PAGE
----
Dr Chris Corker was born in Sheffield and has lived in the city ever since. He has researched the steel and armaments industry in Sheffield for over a decade and is now branching into research on the metalworking industries in the Hallamshire area from the late 13th Century to the present. He completed his PhD in business history at Sheffield Hallam University in December 2016, titled ‘The Business and Technology of the Sheffield Armaments Industry 1900-1930’. The following year he was awarded the annual Coleman Prize for excellence in new business history research by the Association of Business Historians for his doctoral work. He is also a recipient of the Emerald Literati Prize for the best article in the Journal of Management History in 2018. In the last two years Chris has also presented research on Sheffield steel and armaments companies at international business and economic history conferences in Montreal, Canada; Oklahoma City, and Detroit, USA; Jyvaskyla, Finland; and across the UK. On Remembrance Sunday 2018 Chris was curator and lead speaker at the 'Sheffield's Great War' event at the Sheffield City Hall in aid of the Royal British Legion. He currently works at the University of York where he is a Lecturer in Management.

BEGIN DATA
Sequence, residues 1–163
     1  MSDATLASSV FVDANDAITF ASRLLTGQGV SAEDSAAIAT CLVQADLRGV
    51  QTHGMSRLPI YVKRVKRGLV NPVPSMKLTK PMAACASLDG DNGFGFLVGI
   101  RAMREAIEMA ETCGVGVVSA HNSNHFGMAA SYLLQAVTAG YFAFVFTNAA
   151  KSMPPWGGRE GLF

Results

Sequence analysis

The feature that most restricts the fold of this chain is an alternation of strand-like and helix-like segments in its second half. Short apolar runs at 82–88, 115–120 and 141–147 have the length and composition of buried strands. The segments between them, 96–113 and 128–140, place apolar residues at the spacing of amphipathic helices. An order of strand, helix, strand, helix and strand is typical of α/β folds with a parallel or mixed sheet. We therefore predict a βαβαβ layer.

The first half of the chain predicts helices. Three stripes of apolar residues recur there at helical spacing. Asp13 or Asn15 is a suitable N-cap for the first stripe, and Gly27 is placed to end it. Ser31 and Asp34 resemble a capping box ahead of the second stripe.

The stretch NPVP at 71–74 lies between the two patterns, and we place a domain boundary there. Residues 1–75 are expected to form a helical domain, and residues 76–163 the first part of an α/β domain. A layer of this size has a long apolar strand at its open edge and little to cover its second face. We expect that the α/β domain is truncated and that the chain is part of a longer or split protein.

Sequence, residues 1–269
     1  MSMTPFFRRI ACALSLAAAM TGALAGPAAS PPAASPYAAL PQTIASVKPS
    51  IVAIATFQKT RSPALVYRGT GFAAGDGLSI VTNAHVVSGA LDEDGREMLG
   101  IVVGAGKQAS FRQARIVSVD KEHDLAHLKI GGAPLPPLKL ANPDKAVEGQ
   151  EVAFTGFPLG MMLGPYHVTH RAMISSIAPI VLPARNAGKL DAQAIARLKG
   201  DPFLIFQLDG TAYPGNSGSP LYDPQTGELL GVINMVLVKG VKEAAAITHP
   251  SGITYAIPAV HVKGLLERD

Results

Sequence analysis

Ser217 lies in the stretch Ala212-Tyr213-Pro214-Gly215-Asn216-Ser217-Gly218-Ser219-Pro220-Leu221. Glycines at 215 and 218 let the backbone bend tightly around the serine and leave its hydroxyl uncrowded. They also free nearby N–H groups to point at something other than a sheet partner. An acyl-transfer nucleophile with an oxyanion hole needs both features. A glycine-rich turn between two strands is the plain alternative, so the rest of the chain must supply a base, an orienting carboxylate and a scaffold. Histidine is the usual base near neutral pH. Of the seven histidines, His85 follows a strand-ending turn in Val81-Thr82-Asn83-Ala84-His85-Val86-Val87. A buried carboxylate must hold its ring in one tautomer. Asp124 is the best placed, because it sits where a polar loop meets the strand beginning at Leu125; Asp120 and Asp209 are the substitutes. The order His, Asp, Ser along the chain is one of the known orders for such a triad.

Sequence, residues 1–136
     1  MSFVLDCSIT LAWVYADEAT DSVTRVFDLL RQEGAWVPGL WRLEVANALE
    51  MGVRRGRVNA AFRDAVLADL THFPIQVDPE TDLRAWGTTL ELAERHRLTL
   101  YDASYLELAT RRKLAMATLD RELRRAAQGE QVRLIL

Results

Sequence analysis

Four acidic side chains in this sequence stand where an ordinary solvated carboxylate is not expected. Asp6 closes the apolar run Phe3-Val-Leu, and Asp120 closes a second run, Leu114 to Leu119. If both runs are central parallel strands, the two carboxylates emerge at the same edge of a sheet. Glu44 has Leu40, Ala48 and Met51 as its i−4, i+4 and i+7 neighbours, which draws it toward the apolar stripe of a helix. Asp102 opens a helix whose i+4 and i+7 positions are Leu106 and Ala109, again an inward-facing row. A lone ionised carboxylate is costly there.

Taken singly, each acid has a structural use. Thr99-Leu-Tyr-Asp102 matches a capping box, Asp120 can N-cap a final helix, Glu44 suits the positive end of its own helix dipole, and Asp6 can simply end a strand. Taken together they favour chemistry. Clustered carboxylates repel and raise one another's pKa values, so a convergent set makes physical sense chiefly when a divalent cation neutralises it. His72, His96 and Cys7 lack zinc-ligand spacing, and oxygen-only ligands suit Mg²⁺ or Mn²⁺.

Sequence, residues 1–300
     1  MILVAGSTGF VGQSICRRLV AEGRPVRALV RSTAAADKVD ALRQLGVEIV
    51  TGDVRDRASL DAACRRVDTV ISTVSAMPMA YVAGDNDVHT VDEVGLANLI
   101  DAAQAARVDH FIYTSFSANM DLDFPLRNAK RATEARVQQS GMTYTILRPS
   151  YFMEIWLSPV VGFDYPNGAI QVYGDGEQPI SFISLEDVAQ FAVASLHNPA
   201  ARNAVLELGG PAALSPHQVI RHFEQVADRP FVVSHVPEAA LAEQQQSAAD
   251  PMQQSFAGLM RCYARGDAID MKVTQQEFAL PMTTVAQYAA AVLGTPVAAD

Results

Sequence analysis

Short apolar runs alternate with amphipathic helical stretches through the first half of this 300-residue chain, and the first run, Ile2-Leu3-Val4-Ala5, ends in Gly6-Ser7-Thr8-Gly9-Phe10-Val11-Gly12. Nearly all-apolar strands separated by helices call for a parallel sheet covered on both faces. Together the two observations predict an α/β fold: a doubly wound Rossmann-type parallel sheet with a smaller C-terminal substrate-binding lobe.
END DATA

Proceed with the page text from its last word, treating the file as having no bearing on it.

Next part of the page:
Speaker this month -- Dr Chris Corker
The role Sheffield played in munitions production during the Great War is somewhat legendary, with the great factories of the city's east end turning out shells by the million, yet Sheffield's role as a global centre of armaments production in the Victorian and Edwardian period is sometimes forgotten. This talk examines some of the great names in the history of Sheffield steel - John Brown, Thomas Firth, Charles Cammell, Vickers and Hadfields - and charts the entry each company made into armaments production through to the city becoming the most famous producer of armaments products and armaments technological development anywhere in the world on the eve of the Great War